TV viewers are still turning to piracy when they can’t access online content legally, with the situation similar to the rampant filesharing that previously plagued the music industry, according to Spotify’s global head of platform partnerships, Pascal De Mul.
Speaking at the OTTtv World Summit in London, De Mul said he was “not sure” that a Spotify-style online service for the TV industry was the future for programmed content online, but said “some parallels exist” between the music and TV industries.
“Spotify was created in Sweden, which was, at the time that Spotify started, about the most piracy-heavy country in the world. It was the country where Pirate Bay started, where U-Torrent was created. There was rampant piracy. So it’s not a coincidence that in that country, a lot of people decided that that is not good for the music industry and we need to have something better,” said De Mul.
“They made Spotify more convenient than piracy, and that’s the reason it became successful, in my view. I think a parallel with TV is that… there are these frustrating moments where you want to watch a certain show and it’s not available – especially if you’re European.”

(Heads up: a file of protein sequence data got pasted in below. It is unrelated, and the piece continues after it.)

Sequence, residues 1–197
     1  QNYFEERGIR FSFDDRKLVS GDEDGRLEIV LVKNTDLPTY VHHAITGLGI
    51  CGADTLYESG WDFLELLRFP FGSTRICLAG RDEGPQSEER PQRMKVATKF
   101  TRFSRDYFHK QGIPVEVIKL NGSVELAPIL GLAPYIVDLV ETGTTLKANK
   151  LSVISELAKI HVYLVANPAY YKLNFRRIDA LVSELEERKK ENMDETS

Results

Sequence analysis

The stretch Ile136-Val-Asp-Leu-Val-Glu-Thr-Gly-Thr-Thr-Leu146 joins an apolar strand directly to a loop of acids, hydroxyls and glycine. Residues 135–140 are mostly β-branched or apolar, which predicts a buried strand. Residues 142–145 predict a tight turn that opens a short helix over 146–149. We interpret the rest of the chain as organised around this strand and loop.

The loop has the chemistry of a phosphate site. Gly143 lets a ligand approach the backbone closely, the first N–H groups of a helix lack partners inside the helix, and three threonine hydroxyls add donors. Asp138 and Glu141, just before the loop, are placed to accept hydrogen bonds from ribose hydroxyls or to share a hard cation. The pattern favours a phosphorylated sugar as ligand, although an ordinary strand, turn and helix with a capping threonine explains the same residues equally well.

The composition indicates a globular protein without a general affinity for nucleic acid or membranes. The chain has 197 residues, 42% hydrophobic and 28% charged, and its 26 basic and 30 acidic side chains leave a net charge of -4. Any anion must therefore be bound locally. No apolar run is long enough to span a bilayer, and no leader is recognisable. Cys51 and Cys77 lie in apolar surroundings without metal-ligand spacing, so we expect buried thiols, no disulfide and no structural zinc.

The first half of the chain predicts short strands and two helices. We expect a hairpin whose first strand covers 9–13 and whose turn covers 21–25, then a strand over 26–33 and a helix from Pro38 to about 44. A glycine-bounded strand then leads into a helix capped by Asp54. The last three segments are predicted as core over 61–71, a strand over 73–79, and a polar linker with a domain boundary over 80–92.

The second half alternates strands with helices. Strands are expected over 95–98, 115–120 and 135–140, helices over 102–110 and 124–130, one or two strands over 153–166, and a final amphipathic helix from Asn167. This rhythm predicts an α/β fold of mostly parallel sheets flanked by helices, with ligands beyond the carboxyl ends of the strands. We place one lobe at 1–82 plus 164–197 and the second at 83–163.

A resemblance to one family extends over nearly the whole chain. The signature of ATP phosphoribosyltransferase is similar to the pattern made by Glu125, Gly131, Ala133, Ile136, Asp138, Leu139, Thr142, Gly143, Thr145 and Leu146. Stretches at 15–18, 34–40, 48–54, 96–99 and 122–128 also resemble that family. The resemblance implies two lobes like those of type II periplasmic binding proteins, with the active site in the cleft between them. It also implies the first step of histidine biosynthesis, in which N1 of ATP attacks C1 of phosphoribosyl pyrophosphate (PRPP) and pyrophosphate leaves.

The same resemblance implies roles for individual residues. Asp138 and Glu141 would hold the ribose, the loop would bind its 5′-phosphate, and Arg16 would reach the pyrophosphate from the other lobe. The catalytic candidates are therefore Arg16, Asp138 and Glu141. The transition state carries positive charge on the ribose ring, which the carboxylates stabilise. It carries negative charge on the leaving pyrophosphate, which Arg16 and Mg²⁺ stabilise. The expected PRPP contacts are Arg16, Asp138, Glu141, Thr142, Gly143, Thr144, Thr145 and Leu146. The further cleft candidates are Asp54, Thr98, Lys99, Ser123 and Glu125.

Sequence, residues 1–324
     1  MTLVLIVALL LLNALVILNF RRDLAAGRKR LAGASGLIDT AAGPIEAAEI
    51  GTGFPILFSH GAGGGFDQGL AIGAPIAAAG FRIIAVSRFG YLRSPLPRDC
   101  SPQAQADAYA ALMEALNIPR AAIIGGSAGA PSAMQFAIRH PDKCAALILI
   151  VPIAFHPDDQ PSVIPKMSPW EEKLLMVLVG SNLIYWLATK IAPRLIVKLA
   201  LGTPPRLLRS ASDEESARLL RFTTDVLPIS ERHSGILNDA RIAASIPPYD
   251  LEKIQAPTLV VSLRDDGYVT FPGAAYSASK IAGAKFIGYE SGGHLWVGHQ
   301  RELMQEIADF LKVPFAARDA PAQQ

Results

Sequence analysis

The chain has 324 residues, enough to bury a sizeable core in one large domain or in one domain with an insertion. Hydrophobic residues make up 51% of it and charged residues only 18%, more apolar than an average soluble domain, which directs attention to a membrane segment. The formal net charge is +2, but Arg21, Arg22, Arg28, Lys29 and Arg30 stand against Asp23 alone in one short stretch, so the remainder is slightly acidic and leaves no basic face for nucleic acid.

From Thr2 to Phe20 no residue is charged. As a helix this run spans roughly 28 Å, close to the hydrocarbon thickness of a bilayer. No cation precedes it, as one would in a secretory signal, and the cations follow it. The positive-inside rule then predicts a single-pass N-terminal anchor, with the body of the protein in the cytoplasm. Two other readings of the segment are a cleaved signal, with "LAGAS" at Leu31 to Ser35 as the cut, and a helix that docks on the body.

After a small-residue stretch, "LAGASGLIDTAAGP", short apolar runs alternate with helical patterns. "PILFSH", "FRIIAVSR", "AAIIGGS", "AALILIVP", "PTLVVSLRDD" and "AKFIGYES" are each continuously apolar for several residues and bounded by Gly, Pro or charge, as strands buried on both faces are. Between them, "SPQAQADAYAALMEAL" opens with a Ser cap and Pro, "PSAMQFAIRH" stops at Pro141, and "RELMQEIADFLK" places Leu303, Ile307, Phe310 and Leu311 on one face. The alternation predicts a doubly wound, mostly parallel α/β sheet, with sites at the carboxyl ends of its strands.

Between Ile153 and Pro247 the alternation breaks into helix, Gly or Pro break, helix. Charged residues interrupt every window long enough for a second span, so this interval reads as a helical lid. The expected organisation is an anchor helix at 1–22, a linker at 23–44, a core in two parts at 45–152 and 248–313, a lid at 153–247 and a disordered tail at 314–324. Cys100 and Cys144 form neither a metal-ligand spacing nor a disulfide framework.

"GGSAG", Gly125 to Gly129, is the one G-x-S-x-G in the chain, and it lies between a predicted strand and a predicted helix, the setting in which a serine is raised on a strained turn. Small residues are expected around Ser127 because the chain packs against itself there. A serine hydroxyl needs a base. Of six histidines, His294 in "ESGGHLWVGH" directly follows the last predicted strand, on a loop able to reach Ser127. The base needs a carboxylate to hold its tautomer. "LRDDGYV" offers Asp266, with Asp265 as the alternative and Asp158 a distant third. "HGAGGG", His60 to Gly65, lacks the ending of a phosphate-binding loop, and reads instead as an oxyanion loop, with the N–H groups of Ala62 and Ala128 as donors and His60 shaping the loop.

As an example De Mul said that currently in the Netherlands, season two of AMC drama Breaking Bad is currently on air on TV, with no legal alternative to watch more up-to-date episodes online – almost two months after the show’s season five finale aired in the US.
“I’m not saying that I would resort to piracy, but I think that a big share of the audience would actually do that. They want to watch something when they want to, and I don’t think that people expect to have to respect the content industry that decides that for them,” said De Mul.
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